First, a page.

While the man sustained an injury during the arrest, his actions gave the officer reasonable cause to believe that his life was endangered; therefore, the force that he used to address that danger was also reasonable. Accordingly, there are no grounds to believe that an offence was committed by any police officer, and no charges will be laid.

ASIRT’s mandate is to effectively, independently and objectively investigate incidents involving Alberta’s police that have resulted in serious injury or death to any person.

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Alberta

‘Made-in-Canada system’ keeps egg supply stable. But is it also keeping prices high?

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Canada’s egg industry appears to be quietly sidestepping widespread shortages and wildly spiking prices affecting other countries, and some say supply management is to thank. 

The system, which controls the supply, import and farm price of eggs, poultry and dairy, is often criticized as benefitting Canadian farmers at the expense of consumers. Critics blame supply management whenever prices of eggs and milk in Canada surpass those south of the border.

But as disease, climate change and geopolitical unrest threaten global food supplies, supporters say the upside of supply management is increasingly apparent. 

“We have a made-in-Canada system that has never been more critical to food security in Canada,” said University of Waterloo history professor Bruce Muirhead, a former research chair for Egg Farmers of Canada. 

“It’s keeping family farms alive and eggs on store shelves at a time when we’re seeing shortages around the world.”

Canada isn’t immune to the conditions affecting egg prices and supply in other countries. 

Avian influenza, or bird flu, labour shortages, supply chain issues and soaring feed, fuel and packaging costs have all affected egg production and processing costs in Canada over the past year. 

Statistics Canada said egg prices climbed 16.5 per cent year over year in December, making a dozen eggs that cost about $3.25 last year now $3.75.

While it’s a significant increase, it’s a fraction of the spiralling costs recorded in other countries. 

In the United States, for example, the U.S. Department of Agriculture said egg prices were up 59.9 per cent in December compared with a year earlier.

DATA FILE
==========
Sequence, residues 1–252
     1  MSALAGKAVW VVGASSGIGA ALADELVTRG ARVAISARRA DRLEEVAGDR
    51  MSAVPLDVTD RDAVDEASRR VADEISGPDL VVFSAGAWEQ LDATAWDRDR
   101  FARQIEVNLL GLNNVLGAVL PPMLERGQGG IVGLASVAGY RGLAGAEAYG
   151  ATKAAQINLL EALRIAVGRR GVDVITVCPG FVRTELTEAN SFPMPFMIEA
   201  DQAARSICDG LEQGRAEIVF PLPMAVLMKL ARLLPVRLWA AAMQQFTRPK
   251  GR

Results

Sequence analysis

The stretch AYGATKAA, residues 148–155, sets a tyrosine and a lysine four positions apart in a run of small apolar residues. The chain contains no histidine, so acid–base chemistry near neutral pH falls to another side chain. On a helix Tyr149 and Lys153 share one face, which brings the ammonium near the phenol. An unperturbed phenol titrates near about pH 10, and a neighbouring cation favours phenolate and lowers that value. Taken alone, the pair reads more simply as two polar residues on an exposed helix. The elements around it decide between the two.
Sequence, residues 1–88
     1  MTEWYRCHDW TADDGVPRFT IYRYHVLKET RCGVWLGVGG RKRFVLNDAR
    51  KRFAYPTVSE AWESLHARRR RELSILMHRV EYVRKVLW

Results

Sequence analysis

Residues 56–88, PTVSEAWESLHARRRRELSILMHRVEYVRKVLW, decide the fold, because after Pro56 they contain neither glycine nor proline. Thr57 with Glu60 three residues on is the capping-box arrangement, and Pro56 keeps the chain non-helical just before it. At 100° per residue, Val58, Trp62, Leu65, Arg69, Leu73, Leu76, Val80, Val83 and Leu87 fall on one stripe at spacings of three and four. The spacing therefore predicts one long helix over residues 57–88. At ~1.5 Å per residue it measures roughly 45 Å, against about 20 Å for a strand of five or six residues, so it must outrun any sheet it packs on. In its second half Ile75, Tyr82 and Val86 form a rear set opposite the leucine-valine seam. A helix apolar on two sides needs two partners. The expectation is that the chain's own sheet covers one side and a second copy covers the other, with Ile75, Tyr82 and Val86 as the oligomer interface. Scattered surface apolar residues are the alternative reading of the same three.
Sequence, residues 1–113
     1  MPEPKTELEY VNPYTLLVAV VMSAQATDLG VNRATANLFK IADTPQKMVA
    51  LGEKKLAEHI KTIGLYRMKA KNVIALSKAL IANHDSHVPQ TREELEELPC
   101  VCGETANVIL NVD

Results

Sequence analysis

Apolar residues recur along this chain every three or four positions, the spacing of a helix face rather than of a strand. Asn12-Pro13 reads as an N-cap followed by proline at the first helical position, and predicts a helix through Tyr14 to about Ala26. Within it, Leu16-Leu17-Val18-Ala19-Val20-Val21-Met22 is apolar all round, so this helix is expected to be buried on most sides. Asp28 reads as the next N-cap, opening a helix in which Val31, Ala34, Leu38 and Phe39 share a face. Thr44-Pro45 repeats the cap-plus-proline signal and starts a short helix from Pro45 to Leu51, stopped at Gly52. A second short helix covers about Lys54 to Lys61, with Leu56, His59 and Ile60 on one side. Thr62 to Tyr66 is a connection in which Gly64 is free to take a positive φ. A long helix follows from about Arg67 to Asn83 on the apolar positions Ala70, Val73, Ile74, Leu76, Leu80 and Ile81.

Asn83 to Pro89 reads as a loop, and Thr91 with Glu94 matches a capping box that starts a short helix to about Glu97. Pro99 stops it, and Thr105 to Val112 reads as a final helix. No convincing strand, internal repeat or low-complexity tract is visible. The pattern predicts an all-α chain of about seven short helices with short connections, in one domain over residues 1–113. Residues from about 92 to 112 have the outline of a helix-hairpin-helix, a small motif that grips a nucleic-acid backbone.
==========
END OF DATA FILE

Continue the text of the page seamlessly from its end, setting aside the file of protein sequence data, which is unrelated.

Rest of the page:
In states like Arizona, California, Nevada and Florida, the cost of a carton of eggs exceeded US$6 a dozen or about $8 Canadian in recent weeks. Stores in some regions have even rationed eggs to avoid empty shelves amid supply chain issues and possible shortages. 

The situation in the U.S. has prompted accusations of alleged price collusion among the nation’s top egg producers, while some news reports have suggested shoppers are travelling to border towns in Mexico or Canada to buy more affordable eggs.

In the United Kingdom, major supermarkets Tesco, Asda and Lidl have also set limits on how many eggs customers can buy, while some egg farmers say they can no longer break even. Egg prices in December were up 28.9 per cent year over year, the U.K.’s Office for National Statistics reported.  

New Zealand is also experiencing a nationwide egg shortage, leaving some store shelves bare and even prompting some consumers to rush out to buy their own backyard chickens. Statistics New Zealand said in an email the country’s egg prices increased 28.8 per cent in December 2022 compared with December 2021.

But critics say prices in Canada haven’t soared as drastically as in other countries for the simple reason that prices were already high to begin with. 

“When prices are already among the highest in the world, it’s no surprise that our prices didn’t spike quite as much,” said Krystle Wittevrongel, a senior policy analyst with the Montreal Economic Institute. 

“It’s easy to maintain more price stability when we have huge, excessively high prices to begin with.” 

Provincial egg marketing boards have indicated that prices in Canada are starting to come down. 

Egg Farmers of Ontario, for example, dropped the price farmers receive for a dozen eggs by 14 cents as of Jan. 29. It’s unclear whether processors and retailers will pass along those savings to consumers, though egg prices in some stores appear to have lowered by a few cents in recent days. 

While egg marketing boards set farm prices, processors set the wholesale price of eggs and grocers set the retail price consumers pay.

“We don’t set the retail price at all,” Egg Farmers of Canada CEO Tim Lambert said. “We get paid based on our costs of production. We’re seeing grain prices ease up right now, and so our barn gate price is decreasing.”

Meanwhile, egg supply in Canada has remained steady even as shortages continue to plague other countries. 

“We have definitely faced challenges,” Lambert said. “But our system has been really robust at keeping eggs on the shelves. If there are shortages, they’re local and temporary.”

One of the strengths of Canada’s egg industry is the greater number of smaller farms across the country, he said. 

The average egg farm in Canada has about 25,000 laying hens. In contrast, the average farm in the U.S. has about two million birds, Lambert said. 

“It’s a highly concentrated big business in the U.S.,” Lambert said. 

Cal-Maine Foods, the largest producer and distributor of shell eggs in the U.S., is traded on the Nasdaq with a total flock of about 42 million layers. Its share price has soared 45 per cent over the past year. 

Experts say the challenge with a highly consolidated industry is that disease outbreak can have a larger effect on supply. For example, if the country’s laying hens are concentrated into a handful of larger barns — rather than a larger number of smaller barns — the impact of having to euthanize a flock during a bird flu outbreak is also bigger. 

“In Canada, production is pretty well distributed across the across the country,” said Université Laval professor Maurice Doyon, an Egg Industry Economic Research Chair. “Just mathematically the risk is lower, because we don’t have that huge concentration.”